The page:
Additionally, assess their current ranking presence in Google via your favorite SEO competition research tool to show areas of the site that need SEO attention.
This could potentially be an internal linking, inbound linking, or expansion of content need that could be your pathway to success.
There is likely some low-hanging fruit but it may only be in certain site areas. Also, take a quick look at their historical ranking presence.
This audience is typically the audience that has dabbled in SEO but has done so with less credible resources. Over-SEOing a site could have led to visibility filtering.
With this in mind, take a look at their inbound link profile and see if there are any domains that stand out for irrelevance.
For PPC (request access to view PPC account), this audience is likely to have a campaign actively running but possibly not as efficiently as possible (What I often refer to as the “set it and forget it campaigns”).
Quick indicators here are that they utilize broad keyword targeting or that there is a lack of modified broad match targeting. Often, you will see minimal ad group segmentation and broad ad descriptions.
Take a peek at their usage of callout, location, call and other extensions to understand how well they have adopted the ability to “beef up” their ads.
Lastly, review advanced bid adjustments to see how well they have catered to specific account areas.
Search marketing is a well-oiled machine for the requesting organization. They:
- Have moderately successful campaigns in place.
- Have clear attainable goals.
- Need someone to take the reins.
These types of opportunities do not come around often. While set-up will be minimal in this sort of engagement, it will definitely drive your teams to execute at a high level as low hanging fruit opportunities have usually been exhausted.
This type of requesting party is all but guaranteed to be past the crawling and walking phase and into running strong campaigns.
For SEO, it is highly likely that all foundational SEO bases have been covered. There is very little drilling into specifics needed. Validation should be placed in assessing their ranking presence to see growth over time.
Overall considerations here need to be very heavily concentrated around content marketing and how we can move to the next level. The SEO foundation has been laid, now we have to assess if there is room to grow on the site and how we might do that.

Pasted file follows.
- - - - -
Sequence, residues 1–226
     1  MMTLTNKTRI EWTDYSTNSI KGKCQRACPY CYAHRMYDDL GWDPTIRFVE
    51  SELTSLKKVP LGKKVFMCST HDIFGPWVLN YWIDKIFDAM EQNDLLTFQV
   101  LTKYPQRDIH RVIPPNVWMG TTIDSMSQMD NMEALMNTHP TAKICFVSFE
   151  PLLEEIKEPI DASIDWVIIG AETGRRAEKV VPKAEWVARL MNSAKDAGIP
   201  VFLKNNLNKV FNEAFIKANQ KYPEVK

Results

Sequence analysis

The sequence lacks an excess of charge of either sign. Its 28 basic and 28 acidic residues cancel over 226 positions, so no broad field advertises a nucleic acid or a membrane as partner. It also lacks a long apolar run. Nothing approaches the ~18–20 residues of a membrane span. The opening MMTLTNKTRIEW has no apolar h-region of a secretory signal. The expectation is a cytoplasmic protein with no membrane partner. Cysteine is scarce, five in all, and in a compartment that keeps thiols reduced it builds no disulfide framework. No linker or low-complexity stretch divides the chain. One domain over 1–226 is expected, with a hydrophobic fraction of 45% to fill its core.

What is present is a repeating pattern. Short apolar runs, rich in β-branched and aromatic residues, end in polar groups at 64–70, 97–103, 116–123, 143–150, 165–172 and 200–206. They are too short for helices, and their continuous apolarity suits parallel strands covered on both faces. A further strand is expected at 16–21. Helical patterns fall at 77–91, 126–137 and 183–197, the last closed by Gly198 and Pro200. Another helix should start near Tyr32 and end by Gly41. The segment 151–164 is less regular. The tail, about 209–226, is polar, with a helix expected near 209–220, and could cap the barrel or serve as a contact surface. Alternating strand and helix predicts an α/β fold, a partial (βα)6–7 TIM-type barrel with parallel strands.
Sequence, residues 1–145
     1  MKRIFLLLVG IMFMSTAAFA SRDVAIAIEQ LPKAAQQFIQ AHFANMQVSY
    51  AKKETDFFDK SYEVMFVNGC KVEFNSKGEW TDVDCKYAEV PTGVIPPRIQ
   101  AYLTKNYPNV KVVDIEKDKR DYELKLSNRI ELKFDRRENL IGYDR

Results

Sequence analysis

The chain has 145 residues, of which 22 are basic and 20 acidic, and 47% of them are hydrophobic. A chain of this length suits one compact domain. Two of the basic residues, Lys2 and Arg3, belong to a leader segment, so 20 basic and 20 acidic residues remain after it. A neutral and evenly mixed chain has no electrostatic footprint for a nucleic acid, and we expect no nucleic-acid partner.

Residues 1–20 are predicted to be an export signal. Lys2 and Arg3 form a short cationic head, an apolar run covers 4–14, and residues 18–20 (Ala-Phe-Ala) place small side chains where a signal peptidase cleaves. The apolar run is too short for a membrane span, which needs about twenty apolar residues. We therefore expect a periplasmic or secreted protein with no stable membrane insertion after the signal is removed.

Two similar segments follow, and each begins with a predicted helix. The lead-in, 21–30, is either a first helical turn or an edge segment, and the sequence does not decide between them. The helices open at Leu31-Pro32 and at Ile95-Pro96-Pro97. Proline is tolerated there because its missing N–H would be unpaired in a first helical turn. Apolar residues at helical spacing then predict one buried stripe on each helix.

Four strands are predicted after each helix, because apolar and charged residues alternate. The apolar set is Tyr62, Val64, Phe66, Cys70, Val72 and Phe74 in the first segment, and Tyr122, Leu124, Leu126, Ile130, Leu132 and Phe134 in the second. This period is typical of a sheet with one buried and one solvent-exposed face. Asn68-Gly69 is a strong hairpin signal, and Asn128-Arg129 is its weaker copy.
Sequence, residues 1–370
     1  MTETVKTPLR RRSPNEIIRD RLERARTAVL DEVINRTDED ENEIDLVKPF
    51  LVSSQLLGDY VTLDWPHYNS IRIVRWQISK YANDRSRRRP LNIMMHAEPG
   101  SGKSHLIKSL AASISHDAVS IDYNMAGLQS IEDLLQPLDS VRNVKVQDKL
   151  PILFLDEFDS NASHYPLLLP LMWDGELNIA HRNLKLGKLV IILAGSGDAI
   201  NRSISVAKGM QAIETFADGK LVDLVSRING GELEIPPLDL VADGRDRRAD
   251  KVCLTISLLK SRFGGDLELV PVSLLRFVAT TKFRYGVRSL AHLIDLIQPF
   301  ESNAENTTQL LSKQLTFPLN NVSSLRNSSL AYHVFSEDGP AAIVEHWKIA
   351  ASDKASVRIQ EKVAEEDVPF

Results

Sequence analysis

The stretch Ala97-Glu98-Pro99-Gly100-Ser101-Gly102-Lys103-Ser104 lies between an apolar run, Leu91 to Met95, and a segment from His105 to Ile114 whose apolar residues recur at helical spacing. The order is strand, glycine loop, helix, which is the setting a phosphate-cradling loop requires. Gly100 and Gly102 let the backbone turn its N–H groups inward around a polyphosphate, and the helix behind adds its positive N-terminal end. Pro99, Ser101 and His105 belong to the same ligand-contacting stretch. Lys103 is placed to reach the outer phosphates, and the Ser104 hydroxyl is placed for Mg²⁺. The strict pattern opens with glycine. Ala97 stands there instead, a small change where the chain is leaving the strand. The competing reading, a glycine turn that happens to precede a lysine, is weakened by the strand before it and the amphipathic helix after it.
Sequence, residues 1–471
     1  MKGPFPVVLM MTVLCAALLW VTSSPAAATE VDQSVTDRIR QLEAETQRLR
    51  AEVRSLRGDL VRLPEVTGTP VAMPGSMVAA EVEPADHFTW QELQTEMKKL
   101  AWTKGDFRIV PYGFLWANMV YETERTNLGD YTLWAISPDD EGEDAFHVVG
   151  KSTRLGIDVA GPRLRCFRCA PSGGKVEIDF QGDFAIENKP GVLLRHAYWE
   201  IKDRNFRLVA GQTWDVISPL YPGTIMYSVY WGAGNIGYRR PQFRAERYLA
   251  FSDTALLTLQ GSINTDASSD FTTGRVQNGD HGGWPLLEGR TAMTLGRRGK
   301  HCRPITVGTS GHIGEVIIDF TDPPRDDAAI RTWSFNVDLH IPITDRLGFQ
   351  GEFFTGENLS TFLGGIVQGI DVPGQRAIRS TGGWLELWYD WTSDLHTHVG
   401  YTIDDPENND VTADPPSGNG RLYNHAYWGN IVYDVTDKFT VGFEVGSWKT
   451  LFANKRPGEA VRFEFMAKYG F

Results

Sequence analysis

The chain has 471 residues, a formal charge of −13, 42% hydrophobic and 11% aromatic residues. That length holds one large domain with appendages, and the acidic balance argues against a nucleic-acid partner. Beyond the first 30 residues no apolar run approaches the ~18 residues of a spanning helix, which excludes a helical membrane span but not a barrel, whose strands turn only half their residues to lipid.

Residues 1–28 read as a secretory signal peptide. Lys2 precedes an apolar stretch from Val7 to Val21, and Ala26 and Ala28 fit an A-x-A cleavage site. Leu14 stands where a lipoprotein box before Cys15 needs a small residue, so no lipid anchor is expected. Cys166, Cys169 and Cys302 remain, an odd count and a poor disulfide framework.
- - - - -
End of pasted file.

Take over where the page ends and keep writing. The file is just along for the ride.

It probably is not a bad idea to talk to content strategists, PR resources, etc. to think about the possibility for a campaign in their vertical that could generate quality links.
For PPC (request access to view PPC account), you will likely not see great inefficiencies from the surface level. Remember, we don’t want to spend a lot of time here. We are looking for the opportunity and the ability.
Start at the keyword level. Understand where fat can be trimmed – expensive keywords with low conversion rates, ads with low conversion rates or the lack of adoption to account-wide needs, such as responsive ads or their bid strategy.
Future ability will likely happen through ad testing as the basics are likely all covered. This is the sacrifice given for having an account that is already highly squared away.
We’ve entered into quite a busy time of year in our respective organizations.
We’re trying to close out hopefully another successful year while trying to load the hopper for next year.
Choosing your client partnerships is important but it also helps that you do spend the brunt of your time doing this for the sake of nurturing your existing clients.
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Featured Image: istockphoto.com (edited by author in Canva, November 2019)